"There's a quote that says something like 50 per cent of the jobs that our children will have when they are adults don't even exist yet. So it's more about preparing kids with the skills of being a learner, being a researcher and a collaborator and all those things. The importance of that has really been undervalued in the past."


Image: Supplied.

So what can us parents do that like sound of nature learning and the benefits it bestows on our kids, but don't live near Denmark in WA or have a nature school nearby?


"Parents should take that time to observe what's happening around you," Joanna advises.

"Think seasonally and get your kids to consider their natural environment. One of the best ways to do that is to have a little veggie patch or a fruit tree to look at and observe. I think that's a really great way to engage children in a deeper understanding about nature because they recognise connections. In Denmark, there are particular times of the year that you can catch salmon really easily off the beach, but then they disappear again or times in the year that you're catching blue crabs, or seeing that the lizards and snakes are out and about.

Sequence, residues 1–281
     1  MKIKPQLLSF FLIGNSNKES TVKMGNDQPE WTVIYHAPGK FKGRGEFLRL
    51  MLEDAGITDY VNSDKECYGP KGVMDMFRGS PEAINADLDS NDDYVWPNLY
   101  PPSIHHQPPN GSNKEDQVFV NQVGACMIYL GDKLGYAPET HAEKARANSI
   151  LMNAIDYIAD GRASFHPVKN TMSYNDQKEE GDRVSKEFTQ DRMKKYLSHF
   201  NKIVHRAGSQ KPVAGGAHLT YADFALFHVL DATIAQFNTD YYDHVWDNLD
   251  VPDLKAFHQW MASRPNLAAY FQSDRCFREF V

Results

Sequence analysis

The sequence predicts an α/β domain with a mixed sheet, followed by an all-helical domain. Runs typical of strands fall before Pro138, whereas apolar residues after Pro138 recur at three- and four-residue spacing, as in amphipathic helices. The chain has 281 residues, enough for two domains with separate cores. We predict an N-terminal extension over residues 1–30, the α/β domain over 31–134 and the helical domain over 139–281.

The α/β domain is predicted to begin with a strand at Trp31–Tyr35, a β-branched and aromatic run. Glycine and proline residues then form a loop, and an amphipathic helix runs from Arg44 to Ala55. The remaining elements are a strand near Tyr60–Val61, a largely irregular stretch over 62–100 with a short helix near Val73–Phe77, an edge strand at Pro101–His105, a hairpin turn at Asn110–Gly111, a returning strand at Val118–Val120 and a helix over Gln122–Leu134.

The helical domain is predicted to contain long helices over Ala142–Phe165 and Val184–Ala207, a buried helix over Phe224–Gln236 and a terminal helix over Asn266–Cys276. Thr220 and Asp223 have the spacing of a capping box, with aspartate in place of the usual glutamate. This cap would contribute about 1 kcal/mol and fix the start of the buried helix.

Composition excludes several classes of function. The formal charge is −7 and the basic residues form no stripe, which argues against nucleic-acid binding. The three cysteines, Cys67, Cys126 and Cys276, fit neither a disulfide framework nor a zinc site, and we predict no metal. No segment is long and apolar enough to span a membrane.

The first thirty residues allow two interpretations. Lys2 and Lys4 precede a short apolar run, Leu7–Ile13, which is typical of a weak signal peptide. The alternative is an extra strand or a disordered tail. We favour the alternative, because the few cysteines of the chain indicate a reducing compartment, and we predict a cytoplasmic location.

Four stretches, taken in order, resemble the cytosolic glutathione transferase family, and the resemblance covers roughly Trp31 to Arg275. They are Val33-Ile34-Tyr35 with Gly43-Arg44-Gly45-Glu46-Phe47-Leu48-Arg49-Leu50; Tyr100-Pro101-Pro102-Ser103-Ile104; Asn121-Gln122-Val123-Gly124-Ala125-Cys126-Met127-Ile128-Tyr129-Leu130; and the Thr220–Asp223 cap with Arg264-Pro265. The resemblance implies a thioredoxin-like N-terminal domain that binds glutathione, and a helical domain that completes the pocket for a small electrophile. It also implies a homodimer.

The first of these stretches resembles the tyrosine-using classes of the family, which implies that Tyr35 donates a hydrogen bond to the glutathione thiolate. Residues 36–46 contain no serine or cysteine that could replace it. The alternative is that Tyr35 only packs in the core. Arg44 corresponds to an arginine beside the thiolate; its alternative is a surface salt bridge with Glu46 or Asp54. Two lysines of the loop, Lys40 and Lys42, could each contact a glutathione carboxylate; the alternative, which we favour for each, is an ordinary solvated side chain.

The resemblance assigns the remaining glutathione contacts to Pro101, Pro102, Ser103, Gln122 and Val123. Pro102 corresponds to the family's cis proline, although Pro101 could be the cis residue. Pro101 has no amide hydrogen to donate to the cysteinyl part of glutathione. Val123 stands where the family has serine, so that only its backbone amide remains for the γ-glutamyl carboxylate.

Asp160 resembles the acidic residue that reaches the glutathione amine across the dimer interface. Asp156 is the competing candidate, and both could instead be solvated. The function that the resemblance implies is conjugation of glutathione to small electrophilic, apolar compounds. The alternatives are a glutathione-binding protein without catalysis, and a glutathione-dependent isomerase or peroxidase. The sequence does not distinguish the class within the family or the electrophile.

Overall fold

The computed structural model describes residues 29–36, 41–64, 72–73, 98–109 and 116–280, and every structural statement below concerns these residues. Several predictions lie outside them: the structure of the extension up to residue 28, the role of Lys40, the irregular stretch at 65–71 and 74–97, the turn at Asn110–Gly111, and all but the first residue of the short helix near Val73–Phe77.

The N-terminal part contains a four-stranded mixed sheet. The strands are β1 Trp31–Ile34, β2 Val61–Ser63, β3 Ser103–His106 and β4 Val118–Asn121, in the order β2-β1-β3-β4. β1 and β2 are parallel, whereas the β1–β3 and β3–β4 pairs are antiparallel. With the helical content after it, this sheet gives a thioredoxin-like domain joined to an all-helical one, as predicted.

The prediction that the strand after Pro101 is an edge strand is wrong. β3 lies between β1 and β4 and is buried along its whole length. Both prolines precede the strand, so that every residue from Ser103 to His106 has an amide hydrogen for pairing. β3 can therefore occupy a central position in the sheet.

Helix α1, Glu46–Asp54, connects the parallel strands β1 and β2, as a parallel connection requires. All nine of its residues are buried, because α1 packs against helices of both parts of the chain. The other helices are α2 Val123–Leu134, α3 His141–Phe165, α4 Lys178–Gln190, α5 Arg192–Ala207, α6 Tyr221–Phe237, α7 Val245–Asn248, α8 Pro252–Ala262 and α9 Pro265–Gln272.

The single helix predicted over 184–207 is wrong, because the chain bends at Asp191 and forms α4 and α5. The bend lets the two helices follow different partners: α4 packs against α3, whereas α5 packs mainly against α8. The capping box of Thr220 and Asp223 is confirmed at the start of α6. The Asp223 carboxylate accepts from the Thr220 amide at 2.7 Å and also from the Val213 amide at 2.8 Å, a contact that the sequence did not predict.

"If you make that connection between what's happening in the world around you to the season, it inspires children to ask more questions and make more connections about the natural environment. We want our kids to be curious, lifelong learners, not just learning the content that the curriculum tells us they should be learning."

To find out more about Kwoorabup Nature School in Denmark WA, visit the official website.

Laura Jackel is Mamamia's Family Writer. For links to her articles and to see photos of her outfits and kids, follow her on Instagram and TikTok.

Feature Image: Supplied/Photographer Serena Kirby.